Making use of a time-loop mechanic gives every 21-minute long adventure a unique vibe, that I really dig. At first, I felt a certain rush to find out as much as possible in every single loop, but then I noticed that it’s alright to take a breather at times and to enjoy the views. After all, Outer Wilds is a charming and gorgeous game, featuring a great score, some lovely dialogues, and a lot of clues, secrets and easter eggs to find in the ruins of the “old world”.

The soundtrack, composed by Andrew Prahlow, gives this title a certain adventure-vibe that helped me enjoy the ride a lot better. Different places feature different tracks while some other tracks get played when you’re getting close to your inevitable death, creating a rather fluid and non-linear experience every time you venture out into the Outer Wilds.

I love the soundtrack. I love the graphics. I love the gameplay. I love the story.

In summary, I love Outer Wilds.

Outer Wilds created a novel experience for myself, even when it has some shortcomings here and there:

Your experience at the beginning can be somewhat slow, for instance, as you try to figure out how certain planets work, where you have to go, what you’re supposed to do. I enjoyed that, myself, but I’d be able to see how this would influence other people’s experiences and how it could bother others.

You don’t have a lot of directions given to you, although there are other astronauts on every planet that you can visit to ask them for “interesting places”. Based on where you land on a planet, you get to see different places to find out other clues. At times, this can mislead you into thinking that you found out everything about a planet, resulting in you seemingly “getting stuck”. At other times, you may just be wondering how an end-game location like the Hourglass Twins tie into the whole story and what you’re supposed to do with these “timed locations”.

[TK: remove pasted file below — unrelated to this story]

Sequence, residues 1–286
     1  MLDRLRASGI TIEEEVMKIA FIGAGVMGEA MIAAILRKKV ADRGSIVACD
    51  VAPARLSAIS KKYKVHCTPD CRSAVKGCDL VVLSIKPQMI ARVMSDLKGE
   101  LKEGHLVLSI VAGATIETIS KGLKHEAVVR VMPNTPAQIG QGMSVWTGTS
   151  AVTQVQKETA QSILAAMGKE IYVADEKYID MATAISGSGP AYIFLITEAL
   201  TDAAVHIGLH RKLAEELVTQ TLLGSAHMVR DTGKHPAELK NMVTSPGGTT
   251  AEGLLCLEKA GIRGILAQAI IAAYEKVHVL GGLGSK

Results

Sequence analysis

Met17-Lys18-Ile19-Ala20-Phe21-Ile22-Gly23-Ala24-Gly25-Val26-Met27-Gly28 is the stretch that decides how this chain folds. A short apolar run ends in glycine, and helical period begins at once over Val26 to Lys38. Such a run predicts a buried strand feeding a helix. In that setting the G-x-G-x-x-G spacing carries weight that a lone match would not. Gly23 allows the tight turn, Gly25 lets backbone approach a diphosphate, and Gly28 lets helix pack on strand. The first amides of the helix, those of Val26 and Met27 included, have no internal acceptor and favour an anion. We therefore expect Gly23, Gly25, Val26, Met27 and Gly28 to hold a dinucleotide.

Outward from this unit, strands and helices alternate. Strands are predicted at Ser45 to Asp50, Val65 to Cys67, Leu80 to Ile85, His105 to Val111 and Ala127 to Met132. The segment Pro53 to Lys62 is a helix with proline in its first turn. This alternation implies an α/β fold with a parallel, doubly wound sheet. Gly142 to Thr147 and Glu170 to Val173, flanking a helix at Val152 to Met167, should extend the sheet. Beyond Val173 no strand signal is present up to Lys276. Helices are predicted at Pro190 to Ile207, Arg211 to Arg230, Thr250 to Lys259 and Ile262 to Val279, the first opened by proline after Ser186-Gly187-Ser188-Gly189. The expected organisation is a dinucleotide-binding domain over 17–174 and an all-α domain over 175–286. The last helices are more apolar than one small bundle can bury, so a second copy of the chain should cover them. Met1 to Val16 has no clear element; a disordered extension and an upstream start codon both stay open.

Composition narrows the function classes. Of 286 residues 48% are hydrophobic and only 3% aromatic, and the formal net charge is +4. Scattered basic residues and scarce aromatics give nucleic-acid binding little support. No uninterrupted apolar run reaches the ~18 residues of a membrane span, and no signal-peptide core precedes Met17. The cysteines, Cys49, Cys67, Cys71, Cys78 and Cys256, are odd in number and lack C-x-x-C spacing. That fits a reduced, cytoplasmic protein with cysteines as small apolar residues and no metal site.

Overall, I wouldn’t deem this too much of an issue though. By revisiting places and by making use of your ship log, you should be able to get “unstuck” in no time and figure out new leads whenever you try out a different location or find out a new piece of the puzzle.

Another issue that I found with the game is the fact that there are some issues in the PC version of it. Your ship can seemingly take way too much damage when bumping into certain objects and at other times, you may just die from a fall that you usually would make, which I found a bit frustrating at times. Bugs are, however, very few and very rare, so usually, this just left me in confusion and didn’t make me suffer too much.

Alas, my verdict is that Outer Wilds is an exceptional game that is worth checking out if you’re interested in a “true” exploration experience with a non-linear time-loop-based story. The presentation is just magnificent and charming, the story and the end of it are just more than grand, and I’m really glad about having played through it after 24.4 hours. That whole day that I spend in there was 100% worth it!

Cheers!

Indietail – Occupy White Walls

Art is something that should be accessible to everyone… but it’s a bit rough to get into. I don’t know a lot about art but I do enjoy going to exhibitions and museums – and while I don’t know a lot of the big names or techniques or epochs or whatever… I don’t think that I need to.

But there are often people that make it hard for newbies like me to get into that hobby. It’s hard to enjoy something like that if other people constantly are talking in a very condescending way with you while wielding big words and termini that you don’t understand.

Today we’re taking a look at Occupy White Walls, an art gallery simulation game that is trying to fight that problem. It’s trying to make art accessible to everyone – in a very unique way.

Developer: StikiPixels
Publisher: StikiPixels
Release Date: November 14th, 2018
Genres: Casual, Art, Simulation, Multiplayer
Reviewed on: PC
Available on: PC
Copy was available for free.

In Occupy White Walls, you create your own gallery. You build it from scratch using different floors, walls and structures, which feels quite sandbox-ish. You also are able to buy paintings, photographs and drawings of famous and underrated artists, so that you’re able to… occupy… those white walls… yup!